For campers, $1.1M accord in swim-club bias case is bittersweet

Gabriel Levin said the legal terms call for healing efforts.
Gabriel Levin said the legal terms call for healing efforts.
Posted: August 19, 2012

A hard lesson has impressed itself on Marcus Allen too often since he and 65 other black and Hispanic children were turned away three years ago from an affluent, mostly white Montgomery County pool club.

"Racism and discrimination are still present in America, even though it's 2012," the 14-year-old said Friday.

But a day after the U.S. Justice Department announced that the now-defunct Valley Club in Huntingdon Valley and Northeast Philadelphia's Creative Steps day camp had reached a settlement valued at up to $1.1 million, Allen said the outcome offered hope that even the most difficult truths can be changed over time.

"Just as we did at the Valley swim club, we can change that around the world," he said.

Friday, dozens of elementary-school-age children from Creative Steps scampered in and out of the camp's Frankford Avenue storefront, many too young to remember the 2009 incident at the pool.

Many of the students there that June day, when campers were met with blistering questions from the club's mostly white membership, have grown up and moved on.

Creative Steps had signed a contract that year for its campers to use the Valley Club pool, across the Philadelphia-Montgomery County border, after their local YMCA shut down.

But on the first day they arrived, some of the children reported hearing racial slurs.

"What are so many black children doing here?" some of the campers would later report overhearing members gossip. Some club members allegedly removed their children from the pool.

Within days, the club canceled Creative Steps' contract and refunded its money. Then-club president John Duesler initially said the decision had been made because there weren't enough lifeguards for Creative Steps' 66 campers but later said he worried the children would "change the complexion" of the club.

Though Duesler said later he regretted his choice of words, the remarks only stoked the anger and turned the swim club into a nationwide flashpoint of racial tension.

Within months, negative publicity forced the Valley Club to declare bankruptcy. Its pool was later sold to a Philadelphia synagogue for $1.5 million. Club representatives could not be reached for comment Friday.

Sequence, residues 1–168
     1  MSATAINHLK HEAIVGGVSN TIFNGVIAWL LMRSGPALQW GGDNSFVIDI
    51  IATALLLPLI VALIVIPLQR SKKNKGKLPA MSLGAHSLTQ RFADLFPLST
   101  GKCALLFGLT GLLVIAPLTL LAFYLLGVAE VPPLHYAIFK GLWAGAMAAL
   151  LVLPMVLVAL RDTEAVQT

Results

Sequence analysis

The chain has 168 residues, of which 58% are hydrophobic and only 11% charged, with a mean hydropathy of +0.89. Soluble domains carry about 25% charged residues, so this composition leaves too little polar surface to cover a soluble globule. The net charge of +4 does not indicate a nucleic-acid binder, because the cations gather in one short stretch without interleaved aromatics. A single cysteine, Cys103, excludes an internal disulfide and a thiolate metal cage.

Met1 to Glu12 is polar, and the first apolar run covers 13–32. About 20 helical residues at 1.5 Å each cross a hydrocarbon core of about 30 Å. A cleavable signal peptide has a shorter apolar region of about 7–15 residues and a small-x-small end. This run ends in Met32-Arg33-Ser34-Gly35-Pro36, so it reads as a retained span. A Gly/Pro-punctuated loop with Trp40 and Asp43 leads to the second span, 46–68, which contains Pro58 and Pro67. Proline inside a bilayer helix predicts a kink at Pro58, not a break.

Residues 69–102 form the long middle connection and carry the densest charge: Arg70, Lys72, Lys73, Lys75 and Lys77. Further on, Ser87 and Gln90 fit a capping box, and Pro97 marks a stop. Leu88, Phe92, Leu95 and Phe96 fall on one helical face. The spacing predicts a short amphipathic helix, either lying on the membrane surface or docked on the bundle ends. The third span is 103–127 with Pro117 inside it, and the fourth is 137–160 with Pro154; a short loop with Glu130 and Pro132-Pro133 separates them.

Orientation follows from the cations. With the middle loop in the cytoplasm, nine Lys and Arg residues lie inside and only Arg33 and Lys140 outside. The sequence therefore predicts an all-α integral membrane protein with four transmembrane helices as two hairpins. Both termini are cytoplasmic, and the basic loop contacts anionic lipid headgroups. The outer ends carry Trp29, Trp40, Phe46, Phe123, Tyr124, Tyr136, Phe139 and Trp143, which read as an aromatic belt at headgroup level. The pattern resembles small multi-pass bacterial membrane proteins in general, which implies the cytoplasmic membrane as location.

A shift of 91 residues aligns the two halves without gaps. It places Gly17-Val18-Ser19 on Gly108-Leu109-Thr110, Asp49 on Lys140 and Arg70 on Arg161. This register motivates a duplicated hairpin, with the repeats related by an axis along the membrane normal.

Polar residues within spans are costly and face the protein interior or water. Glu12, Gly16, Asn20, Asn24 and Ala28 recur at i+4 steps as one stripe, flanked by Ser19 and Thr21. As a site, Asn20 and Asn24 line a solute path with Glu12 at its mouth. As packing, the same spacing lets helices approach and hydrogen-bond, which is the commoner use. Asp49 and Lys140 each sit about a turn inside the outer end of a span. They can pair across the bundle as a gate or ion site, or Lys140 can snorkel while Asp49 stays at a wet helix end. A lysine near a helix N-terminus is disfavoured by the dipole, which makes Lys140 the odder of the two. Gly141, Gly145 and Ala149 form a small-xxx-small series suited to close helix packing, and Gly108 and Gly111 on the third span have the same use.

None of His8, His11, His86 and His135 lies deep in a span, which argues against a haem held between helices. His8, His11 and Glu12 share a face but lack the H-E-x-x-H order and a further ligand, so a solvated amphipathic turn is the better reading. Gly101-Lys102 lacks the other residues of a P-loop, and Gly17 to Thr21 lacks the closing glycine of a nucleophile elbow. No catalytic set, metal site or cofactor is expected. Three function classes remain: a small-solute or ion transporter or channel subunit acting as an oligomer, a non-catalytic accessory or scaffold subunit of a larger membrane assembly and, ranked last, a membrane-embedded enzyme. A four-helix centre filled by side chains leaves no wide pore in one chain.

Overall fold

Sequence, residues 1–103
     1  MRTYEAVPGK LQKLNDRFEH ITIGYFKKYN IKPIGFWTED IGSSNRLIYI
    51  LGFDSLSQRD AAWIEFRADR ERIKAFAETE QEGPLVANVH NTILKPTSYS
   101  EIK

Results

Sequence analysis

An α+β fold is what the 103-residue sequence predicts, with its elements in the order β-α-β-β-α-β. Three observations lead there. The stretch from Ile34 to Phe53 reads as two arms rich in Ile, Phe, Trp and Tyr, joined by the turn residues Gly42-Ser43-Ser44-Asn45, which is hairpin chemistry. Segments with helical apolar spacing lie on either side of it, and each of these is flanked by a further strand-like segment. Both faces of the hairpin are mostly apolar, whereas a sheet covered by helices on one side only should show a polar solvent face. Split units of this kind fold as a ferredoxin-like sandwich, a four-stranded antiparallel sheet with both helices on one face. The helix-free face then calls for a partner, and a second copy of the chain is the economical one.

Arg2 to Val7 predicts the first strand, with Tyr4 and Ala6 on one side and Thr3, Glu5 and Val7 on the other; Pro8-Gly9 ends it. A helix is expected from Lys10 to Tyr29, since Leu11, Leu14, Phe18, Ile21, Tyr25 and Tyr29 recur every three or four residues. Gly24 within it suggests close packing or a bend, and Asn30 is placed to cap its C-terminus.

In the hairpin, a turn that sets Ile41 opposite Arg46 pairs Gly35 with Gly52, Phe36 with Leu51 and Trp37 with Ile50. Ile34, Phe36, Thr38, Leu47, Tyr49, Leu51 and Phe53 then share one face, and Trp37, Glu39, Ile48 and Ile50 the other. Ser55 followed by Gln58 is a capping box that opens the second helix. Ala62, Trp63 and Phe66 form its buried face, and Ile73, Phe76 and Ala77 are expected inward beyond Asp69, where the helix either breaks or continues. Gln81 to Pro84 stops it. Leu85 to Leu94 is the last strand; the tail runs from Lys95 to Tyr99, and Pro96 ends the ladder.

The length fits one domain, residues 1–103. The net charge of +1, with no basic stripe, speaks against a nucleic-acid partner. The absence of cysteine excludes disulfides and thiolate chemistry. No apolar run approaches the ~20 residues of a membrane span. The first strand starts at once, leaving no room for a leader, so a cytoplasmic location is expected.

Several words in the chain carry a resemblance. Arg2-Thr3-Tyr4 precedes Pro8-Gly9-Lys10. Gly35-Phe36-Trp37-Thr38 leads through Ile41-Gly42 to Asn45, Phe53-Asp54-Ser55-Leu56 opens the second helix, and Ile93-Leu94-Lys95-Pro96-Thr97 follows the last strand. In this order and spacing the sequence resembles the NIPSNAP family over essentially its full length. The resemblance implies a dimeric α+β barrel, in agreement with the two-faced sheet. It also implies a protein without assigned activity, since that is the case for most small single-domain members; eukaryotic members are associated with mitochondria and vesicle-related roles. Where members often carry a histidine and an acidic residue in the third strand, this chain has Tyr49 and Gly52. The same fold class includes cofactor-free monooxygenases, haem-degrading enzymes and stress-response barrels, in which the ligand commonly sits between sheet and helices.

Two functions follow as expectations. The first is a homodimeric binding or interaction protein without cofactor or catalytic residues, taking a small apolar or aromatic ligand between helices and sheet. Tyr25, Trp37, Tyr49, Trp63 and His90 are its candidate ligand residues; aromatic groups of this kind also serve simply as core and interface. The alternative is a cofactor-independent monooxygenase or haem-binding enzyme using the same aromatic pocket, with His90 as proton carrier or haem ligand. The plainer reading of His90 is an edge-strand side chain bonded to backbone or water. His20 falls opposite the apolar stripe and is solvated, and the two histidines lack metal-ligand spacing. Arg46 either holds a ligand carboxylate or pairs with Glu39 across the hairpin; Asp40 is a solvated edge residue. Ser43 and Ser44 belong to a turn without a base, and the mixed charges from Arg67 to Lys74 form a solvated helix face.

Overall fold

But Creative Steps director Alethea Wright said the response of some Valley Club members that day three years ago still galled her.

Under the terms of the agreement announced Thursday, as much as $1.1 million will be split among 73 claimants - including the day camp, several counselors, and the 66 students in attendance that day.

After a Philadelphia bankruptcy judge approves the settlement, money for those children under 18 will be placed in a trust until they reach legal adulthood, Creative Steps attorney Gabriel Levin said.

The agreement also sets aside $65,000 to launch a leadership council made up of campers, members of the former pool club, and their families. The group is tasked with planning educational and recreational activities to promote racial sensitivity.

"There was a real feeling that something should be done beyond just suing the club," Levin said of the council. "We'd like to bridge that gap that obviously still exists between those two groups and heal some of the discord that exists in the community."

Wright said she hoped the money would set up many of her campers to get the type of education that would change the opinions of those who judged them.

"It's a bittersweet moment," she said. "I'm discouraged that this came up the way that it did, but I'm ecstatic with the outcome. These children took a stand for justice, and now they have the funds to go to college."

Contact Jeremy Roebuck at 267-564-5218,

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